The fire kindled by the National Security Adviser, Major-General Babagana Monguno over how $1billion was spent in procuring arms, is still burning, and Nigeria’s two-month old Chief of Army Staff does not want to be dragged in.
But the House of Representatives would have none of it since he is the man in charge now. It led to an exchange of words with the army general insisting he would not comment on purchases made by his predecessor, opting instead to submit an Executive Summary on the issue.
He would also not apologise to the Adhoc House Committee handling the arms purchases for not appearing before it, since he was in the North-east and South-South geopolitical zones dealing with issues of insecurity.
Recall that in an interview with the BBC a month ago, Monguno was quoted as saying concerning the money released for arms purchase years ago: “It is not that we are not working to end the security challenge in the country. The president has done his own part and allocated huge amount of money to purchase weapons but they are yet to be here. We don’t know where they are.
“I am not saying that the past Service Chiefs have diverted the money, but presently we don’t know where the (arms) money is.”
Asked whether there would be an investigation, he said: “I am sure the President will investigate this. As I am talking to you now, even the Nigerian Governors’ Forum has started questioning where the money is. So I assure you that the President is not playing with anything that has to do with the people.
“I can’t say the money was stolen but we didn’t see anything and even the new Service Chiefs said they didn’t see the weapons. It is possible the weapons are on their way coming. Maybe from America, England and other places but as at now, I didn’t see anything and the Service Chiefs too didn’t see any weapons too.”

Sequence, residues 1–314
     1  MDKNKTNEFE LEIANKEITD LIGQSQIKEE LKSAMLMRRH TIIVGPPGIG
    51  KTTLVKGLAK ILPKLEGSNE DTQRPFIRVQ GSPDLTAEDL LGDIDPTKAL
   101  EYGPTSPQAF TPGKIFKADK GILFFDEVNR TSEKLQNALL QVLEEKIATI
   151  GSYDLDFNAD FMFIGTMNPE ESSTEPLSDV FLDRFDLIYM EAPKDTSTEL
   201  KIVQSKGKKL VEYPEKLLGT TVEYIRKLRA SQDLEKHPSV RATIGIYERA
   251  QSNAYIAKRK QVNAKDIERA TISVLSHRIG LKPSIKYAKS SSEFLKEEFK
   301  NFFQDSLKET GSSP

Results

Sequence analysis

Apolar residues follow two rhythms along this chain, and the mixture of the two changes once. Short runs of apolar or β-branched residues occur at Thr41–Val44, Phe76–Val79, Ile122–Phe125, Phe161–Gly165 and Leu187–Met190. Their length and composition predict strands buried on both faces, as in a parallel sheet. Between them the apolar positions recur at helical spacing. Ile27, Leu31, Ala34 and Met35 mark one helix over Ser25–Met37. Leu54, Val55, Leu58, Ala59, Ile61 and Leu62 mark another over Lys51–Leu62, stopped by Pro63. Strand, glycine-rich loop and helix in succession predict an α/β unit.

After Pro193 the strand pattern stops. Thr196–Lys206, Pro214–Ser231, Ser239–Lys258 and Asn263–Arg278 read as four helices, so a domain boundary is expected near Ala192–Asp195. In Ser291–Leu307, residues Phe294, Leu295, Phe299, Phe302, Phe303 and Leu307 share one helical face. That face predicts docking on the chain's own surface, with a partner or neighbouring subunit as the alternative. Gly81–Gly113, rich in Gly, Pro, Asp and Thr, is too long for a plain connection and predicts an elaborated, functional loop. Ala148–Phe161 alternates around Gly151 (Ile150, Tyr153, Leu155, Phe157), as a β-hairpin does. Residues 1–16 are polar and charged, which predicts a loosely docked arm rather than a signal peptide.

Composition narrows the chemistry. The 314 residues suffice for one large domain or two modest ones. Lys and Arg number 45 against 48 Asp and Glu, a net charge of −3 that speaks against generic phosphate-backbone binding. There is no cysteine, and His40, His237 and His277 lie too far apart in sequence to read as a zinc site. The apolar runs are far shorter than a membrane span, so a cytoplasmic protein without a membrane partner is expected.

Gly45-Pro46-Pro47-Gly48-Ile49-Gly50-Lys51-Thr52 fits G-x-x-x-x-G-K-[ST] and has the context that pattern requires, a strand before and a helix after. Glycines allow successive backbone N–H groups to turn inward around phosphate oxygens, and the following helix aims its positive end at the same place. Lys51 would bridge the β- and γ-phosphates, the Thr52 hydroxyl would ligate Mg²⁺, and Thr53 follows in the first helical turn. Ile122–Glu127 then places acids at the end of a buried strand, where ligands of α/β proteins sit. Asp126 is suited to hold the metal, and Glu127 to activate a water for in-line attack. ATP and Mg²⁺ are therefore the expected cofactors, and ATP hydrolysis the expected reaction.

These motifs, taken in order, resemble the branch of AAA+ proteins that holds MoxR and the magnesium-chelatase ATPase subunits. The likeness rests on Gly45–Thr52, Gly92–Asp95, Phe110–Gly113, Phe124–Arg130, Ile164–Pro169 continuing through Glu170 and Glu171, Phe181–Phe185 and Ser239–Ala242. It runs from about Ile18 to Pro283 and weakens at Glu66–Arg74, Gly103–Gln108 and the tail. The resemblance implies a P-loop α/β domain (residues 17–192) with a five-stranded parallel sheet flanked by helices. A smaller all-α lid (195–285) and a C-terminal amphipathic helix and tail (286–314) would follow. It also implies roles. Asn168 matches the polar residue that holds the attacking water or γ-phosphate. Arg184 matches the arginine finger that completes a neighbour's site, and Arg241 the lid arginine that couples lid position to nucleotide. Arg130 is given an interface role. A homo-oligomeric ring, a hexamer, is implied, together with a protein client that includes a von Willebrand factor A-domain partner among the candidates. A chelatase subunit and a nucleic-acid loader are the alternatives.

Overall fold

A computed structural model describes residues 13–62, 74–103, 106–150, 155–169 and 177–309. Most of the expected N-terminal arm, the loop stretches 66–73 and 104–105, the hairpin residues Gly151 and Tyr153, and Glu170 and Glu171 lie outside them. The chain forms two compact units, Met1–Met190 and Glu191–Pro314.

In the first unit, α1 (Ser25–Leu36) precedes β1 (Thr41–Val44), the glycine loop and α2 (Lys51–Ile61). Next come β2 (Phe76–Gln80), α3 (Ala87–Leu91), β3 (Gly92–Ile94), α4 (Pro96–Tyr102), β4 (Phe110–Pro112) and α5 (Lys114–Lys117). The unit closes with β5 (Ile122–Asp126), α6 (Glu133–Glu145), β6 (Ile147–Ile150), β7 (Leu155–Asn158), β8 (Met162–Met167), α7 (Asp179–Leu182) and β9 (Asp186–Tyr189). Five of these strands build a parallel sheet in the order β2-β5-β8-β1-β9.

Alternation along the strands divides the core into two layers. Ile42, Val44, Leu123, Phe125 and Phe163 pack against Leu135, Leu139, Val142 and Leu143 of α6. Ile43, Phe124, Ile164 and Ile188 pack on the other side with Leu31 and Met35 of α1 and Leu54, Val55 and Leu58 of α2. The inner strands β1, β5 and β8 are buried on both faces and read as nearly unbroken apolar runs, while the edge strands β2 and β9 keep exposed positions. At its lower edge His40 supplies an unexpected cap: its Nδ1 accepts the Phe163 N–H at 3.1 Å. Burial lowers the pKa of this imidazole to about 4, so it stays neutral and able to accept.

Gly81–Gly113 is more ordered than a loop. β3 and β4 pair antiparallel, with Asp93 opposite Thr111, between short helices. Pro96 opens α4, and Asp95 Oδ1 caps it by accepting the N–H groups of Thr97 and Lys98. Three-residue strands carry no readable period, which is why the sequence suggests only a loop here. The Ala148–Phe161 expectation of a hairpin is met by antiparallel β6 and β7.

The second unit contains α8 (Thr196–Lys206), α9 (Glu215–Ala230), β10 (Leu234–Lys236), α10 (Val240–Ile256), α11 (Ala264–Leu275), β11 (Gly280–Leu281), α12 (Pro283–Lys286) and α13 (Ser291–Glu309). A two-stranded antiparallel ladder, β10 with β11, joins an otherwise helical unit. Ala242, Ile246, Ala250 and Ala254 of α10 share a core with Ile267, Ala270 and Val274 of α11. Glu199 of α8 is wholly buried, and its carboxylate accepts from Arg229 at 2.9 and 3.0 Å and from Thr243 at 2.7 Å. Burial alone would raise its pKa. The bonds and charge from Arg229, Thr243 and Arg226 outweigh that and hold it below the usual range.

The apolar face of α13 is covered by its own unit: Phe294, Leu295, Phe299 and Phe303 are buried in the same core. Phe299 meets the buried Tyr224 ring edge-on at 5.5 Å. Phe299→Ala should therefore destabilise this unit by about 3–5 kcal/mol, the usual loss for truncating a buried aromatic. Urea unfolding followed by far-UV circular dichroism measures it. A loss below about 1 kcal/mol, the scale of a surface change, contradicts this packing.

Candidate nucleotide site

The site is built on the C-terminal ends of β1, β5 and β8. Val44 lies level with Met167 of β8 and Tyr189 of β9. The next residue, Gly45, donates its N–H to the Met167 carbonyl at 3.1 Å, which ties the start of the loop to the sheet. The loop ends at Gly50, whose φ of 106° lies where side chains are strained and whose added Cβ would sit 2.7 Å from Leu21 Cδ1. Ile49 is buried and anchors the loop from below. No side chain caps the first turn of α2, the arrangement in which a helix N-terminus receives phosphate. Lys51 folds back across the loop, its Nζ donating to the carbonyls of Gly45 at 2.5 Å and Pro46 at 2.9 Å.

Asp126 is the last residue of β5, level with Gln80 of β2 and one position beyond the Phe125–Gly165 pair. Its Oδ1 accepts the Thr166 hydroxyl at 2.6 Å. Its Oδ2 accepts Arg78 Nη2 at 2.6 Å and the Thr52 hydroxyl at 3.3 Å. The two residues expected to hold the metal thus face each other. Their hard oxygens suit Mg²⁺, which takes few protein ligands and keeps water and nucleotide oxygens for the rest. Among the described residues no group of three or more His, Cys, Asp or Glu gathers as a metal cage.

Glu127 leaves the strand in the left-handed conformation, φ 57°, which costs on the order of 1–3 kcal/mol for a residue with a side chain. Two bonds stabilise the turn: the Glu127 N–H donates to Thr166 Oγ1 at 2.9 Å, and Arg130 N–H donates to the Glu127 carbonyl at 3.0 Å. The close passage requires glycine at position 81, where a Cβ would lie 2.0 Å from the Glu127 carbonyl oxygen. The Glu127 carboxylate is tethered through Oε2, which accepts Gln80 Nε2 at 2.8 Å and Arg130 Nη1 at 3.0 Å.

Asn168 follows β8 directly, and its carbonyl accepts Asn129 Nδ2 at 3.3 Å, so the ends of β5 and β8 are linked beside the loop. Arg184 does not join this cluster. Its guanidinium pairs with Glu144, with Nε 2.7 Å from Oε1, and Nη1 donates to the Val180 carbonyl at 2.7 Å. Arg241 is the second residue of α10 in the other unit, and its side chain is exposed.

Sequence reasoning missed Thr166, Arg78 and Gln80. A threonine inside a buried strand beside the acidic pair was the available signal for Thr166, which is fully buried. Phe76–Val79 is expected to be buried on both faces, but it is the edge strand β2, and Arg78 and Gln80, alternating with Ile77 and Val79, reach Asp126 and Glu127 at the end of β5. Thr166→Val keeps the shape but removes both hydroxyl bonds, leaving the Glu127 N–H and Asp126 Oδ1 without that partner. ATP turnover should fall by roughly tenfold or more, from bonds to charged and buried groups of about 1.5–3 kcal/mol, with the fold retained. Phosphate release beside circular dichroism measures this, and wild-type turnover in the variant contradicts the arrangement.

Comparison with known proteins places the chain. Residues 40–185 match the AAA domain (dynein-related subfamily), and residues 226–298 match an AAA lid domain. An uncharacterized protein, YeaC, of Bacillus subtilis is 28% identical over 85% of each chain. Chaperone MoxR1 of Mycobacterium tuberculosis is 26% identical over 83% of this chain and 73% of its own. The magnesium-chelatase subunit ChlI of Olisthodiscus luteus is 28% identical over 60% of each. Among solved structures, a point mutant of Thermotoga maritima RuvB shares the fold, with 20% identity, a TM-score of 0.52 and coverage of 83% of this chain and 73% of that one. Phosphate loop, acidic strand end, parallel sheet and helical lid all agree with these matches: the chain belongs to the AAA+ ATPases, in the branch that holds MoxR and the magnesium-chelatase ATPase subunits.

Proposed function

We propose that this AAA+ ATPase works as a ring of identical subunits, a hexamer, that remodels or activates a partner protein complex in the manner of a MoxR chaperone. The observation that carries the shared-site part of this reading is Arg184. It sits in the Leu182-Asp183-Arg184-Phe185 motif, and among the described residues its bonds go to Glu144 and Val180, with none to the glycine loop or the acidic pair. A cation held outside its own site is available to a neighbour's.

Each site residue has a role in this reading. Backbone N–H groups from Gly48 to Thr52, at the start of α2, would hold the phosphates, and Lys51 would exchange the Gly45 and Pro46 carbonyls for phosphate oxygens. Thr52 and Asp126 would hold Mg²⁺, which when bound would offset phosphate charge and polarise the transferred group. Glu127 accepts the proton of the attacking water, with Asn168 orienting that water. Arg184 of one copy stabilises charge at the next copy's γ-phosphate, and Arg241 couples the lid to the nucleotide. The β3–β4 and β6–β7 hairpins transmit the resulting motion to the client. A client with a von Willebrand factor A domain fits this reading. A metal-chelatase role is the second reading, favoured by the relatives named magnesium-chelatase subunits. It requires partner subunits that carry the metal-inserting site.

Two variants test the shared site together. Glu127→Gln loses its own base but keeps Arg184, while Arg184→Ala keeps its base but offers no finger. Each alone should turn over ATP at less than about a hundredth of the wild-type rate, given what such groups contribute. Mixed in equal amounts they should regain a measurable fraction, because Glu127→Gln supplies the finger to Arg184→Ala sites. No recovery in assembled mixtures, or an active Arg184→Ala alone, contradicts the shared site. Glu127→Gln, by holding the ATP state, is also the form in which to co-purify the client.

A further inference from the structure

Within hours of the interview going public, an unsigned statement from the Office of the National Security Adviser, said that media reports of his interview with the BBC Hausa Service quoted him out of context.
The statement read in full: “The attention of the Office of the National Security Adviser has been drawn to some media reports regarding Armed Forces equipment during an interview with the BBC Hausa service. We would like to State that the NSA was quoted out of context as he did not categorically say that funds meant for arms procurement were missing under the Former Service Chiefs as reported or transcribed by some media outlets from the BBC interview. During the interview, the National Security Adviser only reiterated the Federal Government’s commitment to deal decisively with insecurity and stated President Muhammadu Buhari’s continued commitment to provide all necessary support to the Armed Forces, including the provision of arms and equipment.
“In the interview the National Security Adviser clearly informed the BBC reporter that Mr President has provided enormous resources for arms procurement, but the orders were either inadequate or yet to be delivered and that did not imply that the funds were misappropriated under the former Service Chiefs. The NSA also informed the reporter that, Mr President is following up on the procurement process as is usual with contracts relating to military equipments, in most cases the process involves manufacturing, due diligence and tedious negotiations that may change delivery dates.
“As the National Security Adviser conveyed during the Aso Villa Media Briefing, questions relating to Defence procurement should be channelled to the Ministry of Defence. All Security and Intelligence agencies are working together to bring an end to insecurity with the full support of Mr. President and Stakeholders including the media and civil society as part of a whole-of-government and a whole-of-society approach to address our security challenges.”
Many did not take the clarification seriously, preferring to circulate the recorded interview in a bid to prove his latter explanations wrong.